Coagulation Tests and Platelet Economy in Atherosclerotic and Control Subjects
Blood coagulation was studied in 31 atherosclerotic male subjects and in 44 control male subjects.
The mean platelet adhesive index was significantly greater in the atherosclerotic group and the plasma thromboplastin time was significantly shorter. These two tests are measures of the activity of the early stages of coagulation. The other in vitro tests of coagulation showed no significant differences.
At present, platelet consumption is probably the only available measure of the activity of the early stages of coagulation in vivo. Platelet survival and daily turnover was accordingly determined with DFP32. Mean platelet survival was shorter and mean platelet turnover was greater in the atherosclerotic group.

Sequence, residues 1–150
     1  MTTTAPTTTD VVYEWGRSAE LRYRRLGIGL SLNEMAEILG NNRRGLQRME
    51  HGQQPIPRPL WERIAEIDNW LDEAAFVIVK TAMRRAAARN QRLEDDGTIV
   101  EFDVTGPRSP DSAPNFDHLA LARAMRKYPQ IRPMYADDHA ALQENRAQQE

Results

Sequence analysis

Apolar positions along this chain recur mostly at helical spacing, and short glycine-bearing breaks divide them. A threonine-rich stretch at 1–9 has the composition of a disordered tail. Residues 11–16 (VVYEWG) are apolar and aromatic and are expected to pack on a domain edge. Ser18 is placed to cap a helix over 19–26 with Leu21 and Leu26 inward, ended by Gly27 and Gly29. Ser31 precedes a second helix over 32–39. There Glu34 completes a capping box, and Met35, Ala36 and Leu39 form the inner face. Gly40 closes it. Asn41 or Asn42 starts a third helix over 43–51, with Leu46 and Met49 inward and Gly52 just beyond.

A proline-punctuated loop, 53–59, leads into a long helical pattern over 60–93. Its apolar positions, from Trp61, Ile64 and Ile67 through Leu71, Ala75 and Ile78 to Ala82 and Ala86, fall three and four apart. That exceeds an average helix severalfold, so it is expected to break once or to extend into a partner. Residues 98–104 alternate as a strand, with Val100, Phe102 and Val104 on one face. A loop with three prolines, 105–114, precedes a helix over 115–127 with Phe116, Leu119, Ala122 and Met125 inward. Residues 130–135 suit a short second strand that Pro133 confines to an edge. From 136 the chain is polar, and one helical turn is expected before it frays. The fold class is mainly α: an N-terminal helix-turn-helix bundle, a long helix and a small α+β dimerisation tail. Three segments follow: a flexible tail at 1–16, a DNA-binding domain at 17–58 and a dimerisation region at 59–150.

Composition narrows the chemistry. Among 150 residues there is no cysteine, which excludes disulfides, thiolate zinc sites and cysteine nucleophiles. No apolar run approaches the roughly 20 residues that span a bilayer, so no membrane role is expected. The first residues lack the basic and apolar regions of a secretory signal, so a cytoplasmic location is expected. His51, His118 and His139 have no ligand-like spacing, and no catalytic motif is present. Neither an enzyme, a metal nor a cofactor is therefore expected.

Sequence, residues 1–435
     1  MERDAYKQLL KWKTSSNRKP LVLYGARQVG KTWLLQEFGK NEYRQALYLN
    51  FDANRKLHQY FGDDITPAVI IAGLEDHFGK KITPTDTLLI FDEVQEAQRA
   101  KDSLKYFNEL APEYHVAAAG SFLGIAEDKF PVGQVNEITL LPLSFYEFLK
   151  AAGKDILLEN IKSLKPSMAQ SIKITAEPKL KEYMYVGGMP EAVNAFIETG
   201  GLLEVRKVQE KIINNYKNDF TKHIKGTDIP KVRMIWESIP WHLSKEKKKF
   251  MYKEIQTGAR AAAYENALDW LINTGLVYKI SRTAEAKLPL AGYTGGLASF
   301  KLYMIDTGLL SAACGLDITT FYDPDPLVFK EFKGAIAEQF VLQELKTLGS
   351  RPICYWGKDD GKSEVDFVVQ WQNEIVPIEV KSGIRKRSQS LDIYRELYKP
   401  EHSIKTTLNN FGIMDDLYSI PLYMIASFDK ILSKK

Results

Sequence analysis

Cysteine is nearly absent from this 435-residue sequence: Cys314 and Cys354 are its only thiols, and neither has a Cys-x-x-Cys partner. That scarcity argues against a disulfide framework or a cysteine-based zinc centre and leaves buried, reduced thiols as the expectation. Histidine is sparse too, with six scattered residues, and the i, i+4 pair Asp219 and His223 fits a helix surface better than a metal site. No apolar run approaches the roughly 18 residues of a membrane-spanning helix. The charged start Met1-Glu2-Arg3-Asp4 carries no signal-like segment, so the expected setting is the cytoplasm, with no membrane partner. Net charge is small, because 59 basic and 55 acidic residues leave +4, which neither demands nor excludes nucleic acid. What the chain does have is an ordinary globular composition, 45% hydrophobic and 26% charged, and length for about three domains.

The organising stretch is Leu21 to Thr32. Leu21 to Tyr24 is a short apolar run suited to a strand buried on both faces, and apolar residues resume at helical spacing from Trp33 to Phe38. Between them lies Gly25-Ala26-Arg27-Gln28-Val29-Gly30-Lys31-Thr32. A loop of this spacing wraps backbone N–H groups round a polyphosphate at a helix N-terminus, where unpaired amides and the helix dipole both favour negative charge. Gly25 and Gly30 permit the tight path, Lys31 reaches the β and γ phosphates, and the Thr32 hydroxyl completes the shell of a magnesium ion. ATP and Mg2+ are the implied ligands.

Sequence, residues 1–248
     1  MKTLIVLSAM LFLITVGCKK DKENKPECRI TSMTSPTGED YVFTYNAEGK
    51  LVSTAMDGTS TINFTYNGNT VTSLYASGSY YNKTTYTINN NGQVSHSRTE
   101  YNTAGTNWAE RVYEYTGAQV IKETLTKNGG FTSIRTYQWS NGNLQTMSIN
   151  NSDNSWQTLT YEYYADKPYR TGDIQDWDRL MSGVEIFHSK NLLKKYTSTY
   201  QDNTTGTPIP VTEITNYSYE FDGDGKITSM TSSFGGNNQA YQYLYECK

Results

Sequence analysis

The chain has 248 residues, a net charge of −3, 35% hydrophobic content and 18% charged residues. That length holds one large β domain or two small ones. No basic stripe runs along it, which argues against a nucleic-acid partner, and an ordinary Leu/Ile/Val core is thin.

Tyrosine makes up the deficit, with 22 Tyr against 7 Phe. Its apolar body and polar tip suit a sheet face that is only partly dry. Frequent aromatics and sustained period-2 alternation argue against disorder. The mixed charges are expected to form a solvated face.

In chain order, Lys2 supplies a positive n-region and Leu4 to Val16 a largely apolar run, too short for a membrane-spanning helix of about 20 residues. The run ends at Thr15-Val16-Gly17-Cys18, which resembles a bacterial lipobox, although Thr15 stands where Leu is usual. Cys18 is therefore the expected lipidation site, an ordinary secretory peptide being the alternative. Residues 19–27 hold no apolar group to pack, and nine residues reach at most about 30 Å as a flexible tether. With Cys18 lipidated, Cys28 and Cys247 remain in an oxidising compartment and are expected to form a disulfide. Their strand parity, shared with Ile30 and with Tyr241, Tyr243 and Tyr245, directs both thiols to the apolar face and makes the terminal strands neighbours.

Division of the groups according to family history of atherosclerosis proved important. The most clearly separated groups were the atherosclerotic group with a positive history and the controls with a negative history. The remaining two subgroups are much more alike. This was true of both in vitro and in vivo tests.
Despite the high experimental error, the in vivo tests correlate well with the in vitro tests of the early stages of clotting though poorly with tests of the later stages. It is concluded that differences exist between atherosclerotic and control subjects in the early stages of coagulation, and that in vitro tests are satisfactory indices of this difference. In their present form, none of these tests is suitable for diagnostic or prognostic purposes in the individual.
- © 1962 American Heart Association, Inc.